It has only been 60 years since Black and White children could legally sit side-by-side in public schools in much of this country. Studies have shown that student and teacher diversity is essential to optimize teaching and learning. Practices enacted to correct some of this have become policies that support educational goals that help students of all ethnic and racial backgrounds. We would not be able to determine this if we didn’t have hard data to identify the problem and measure the success of programs intending to address it. Sound policy requires that we have a comprehensive picture of what happens in schools.

But this doesn’t mean the students who we are trying to help forfeit their privacy. Students must feel safe in making mistakes, confident their learning shall not be used against them in the future. They ought not worry that a learning disability will restrict the opportunities available to them because of what their record shows. Privacy allows students to fearlessly take risks, make mistakes and grow as learners. But if they are not offered protection, they may choose to opt out, limiting the available data, invalidating the conclusions to be drawn. If we are concerned about their future, isn’t it our job to set our students up for success?

As we advocate for student privacy we need to acknowledge that bias and discrimination are real in schools today. We need to make sure that as we address issues of privacy in education, we are cognizant of the learners that will miss out on educational opportunities because we cannot ensure that their privacy will be protected and their information will not be used against them in school.

I encourage all of us to seriously address these issues but we cannot do so without reliable studies, data sets, and trends that are studied over time. Otherwise, what is our argument? Because I “think” this is happening? We can’t ignore the entrenched bias in education but we can only address it with effective data. So as we continue this debate, let’s not forget that high quality education and privacy is not only the right of the few but of all students.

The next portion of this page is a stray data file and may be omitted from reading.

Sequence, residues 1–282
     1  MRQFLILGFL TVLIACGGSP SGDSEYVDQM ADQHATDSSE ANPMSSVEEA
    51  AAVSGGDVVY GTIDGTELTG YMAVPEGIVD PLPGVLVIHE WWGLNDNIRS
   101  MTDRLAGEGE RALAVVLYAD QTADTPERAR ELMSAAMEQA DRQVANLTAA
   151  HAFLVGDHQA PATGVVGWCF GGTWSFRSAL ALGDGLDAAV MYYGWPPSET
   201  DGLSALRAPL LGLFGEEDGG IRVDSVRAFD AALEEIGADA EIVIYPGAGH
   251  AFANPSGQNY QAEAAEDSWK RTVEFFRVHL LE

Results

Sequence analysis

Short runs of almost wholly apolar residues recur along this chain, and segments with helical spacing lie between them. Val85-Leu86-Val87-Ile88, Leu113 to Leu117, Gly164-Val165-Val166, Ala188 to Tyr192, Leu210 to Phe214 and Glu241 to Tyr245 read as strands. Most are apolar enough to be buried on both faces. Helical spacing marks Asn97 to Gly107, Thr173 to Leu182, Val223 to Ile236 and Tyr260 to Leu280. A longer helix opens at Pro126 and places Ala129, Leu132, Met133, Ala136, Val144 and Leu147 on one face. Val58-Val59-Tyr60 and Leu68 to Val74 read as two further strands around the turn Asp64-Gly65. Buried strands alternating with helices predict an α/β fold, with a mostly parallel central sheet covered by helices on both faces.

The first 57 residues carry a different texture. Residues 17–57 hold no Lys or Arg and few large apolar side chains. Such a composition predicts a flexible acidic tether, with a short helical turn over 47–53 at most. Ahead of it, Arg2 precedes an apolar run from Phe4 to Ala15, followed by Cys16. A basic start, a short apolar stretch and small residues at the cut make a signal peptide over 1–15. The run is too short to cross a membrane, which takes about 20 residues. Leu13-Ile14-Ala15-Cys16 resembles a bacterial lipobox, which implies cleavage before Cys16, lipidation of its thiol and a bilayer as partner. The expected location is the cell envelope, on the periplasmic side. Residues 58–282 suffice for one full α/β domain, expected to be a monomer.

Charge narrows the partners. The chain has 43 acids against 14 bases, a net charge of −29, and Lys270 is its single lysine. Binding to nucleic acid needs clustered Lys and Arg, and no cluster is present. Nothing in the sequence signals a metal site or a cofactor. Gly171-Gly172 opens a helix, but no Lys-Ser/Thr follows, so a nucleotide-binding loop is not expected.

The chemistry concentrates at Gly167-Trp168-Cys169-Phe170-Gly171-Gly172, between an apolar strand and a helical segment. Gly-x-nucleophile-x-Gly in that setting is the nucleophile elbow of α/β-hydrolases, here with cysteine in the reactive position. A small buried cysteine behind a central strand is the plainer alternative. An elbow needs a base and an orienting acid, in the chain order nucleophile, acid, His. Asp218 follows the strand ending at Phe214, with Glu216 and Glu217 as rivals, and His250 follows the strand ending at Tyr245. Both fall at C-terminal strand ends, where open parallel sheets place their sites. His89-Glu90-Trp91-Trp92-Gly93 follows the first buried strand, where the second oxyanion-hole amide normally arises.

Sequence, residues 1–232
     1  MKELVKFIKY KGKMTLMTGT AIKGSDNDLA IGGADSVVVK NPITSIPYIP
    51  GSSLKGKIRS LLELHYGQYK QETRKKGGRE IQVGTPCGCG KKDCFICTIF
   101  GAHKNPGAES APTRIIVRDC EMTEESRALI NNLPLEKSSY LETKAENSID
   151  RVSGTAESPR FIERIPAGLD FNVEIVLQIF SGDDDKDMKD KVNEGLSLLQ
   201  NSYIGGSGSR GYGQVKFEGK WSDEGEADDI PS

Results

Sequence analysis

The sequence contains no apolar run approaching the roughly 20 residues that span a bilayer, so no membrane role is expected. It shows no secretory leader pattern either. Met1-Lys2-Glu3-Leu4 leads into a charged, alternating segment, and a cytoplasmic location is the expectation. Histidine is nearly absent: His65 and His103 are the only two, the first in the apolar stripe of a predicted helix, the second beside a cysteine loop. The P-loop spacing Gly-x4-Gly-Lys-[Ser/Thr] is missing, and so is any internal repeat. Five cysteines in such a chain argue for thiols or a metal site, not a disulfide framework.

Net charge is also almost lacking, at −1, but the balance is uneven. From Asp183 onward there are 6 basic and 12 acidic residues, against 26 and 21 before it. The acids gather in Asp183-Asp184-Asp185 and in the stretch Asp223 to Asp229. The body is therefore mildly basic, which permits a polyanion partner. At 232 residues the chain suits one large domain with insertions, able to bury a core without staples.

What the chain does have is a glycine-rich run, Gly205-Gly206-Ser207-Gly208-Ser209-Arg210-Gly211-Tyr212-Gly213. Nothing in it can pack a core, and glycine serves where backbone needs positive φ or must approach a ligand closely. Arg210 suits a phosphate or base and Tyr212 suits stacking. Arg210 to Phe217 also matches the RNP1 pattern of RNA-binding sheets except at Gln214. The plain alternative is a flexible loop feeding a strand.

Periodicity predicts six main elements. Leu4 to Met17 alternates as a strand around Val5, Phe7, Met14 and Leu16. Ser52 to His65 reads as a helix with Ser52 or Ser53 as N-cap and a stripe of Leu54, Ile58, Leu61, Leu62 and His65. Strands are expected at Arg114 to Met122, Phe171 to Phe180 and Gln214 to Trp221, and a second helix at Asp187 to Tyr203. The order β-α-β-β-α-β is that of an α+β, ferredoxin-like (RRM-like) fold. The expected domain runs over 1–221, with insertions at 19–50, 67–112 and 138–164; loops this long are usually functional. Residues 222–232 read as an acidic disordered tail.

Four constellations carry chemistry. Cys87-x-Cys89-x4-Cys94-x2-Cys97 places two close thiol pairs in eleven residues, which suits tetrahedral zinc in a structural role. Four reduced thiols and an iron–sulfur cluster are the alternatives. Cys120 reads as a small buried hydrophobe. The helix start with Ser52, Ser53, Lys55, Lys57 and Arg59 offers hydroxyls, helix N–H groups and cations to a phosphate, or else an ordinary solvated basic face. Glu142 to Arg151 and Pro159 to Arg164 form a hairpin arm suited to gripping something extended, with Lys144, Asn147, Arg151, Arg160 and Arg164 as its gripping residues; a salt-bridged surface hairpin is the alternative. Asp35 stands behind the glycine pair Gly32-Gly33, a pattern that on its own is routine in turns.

The President talks Student Privacy…wait! What??

  Student Data Privacy has become such an important topic that even the President is talking about it. Earlier this week, President Barack Obama outlined his privacy and security agenda at the FTC in advance to his State of the Union Address. Why is this important for students and parents? Because, the Administration is taking notice. The President called for companies to make a firm commitment to use student data only for educational purposes and sign

A student data privacy wish list


The New Year is here and a couple of weeks ago the kids wrote what they wished for in 2015. It was interesting to read what they hoped for in the New Year (good grades, help people and can my little brother leave me alone). We all have our wish lists for the New Year, so I stepped back and started to think what my wish list for student data privacy would look like.

It is hard to name one issue I would like addressed in the education technology sector when it comes to student data privacy, my list is much longer than my kids wrote but here are my top picks. With the ed-tech industry stating it is all good (somewhat) and some privacy advocates saying it is all bad (some of it, but not all), it is difficult for parents and schools to know what concrete steps shall ensure the privacy of student data.

For starters, I would like to define who owns student data. We need to take a close look at the definition of ownership and acknowledge students, so our conversation shifts from one in which privacy (and education) sometimes happens to a conversation in which students are telling us what is important to them when it comes to their education and privacy. As I have more and more conversations with students of all ages, I realize they are increasingly aware of how they contribute data about themselves to a system that does not give them much attention. 2015 should be the year we learn to listen.

Parents need to be informed. And I don’t mean just by issuing boilerplate press releases in which companies tell parents they care about privacy. Or School Districts sending home flyers that say student data is safe. We must invest in workshops and informational sessions in which parents can have a genuine conversation about what is important, why it matters and what we can do about it. The conversation about data collection has to turn from one of what data should and should not be collected to one in which we discuss the best ways to use the data to help our students.

Which brings me to the value of data. The phrase “data is the new oil” can certainly be true. There is arguably, great profit to be made with data in many different sectors. But I hope that in 2015, the value of data for parents and students is not strictly a monetary one; for the value lies in its impact on improving our children’s education. Parents ought to be shown the direct benefit for their kids. Unless they see these benefits, the conversations about Big Data sets in education will remain irrelevant.

With the different data breaches that occurred in 2014 in the education sector, we need not only ask the companies and schools holding student data to be responsible. We must be able to hold them accountable for misuse of student data.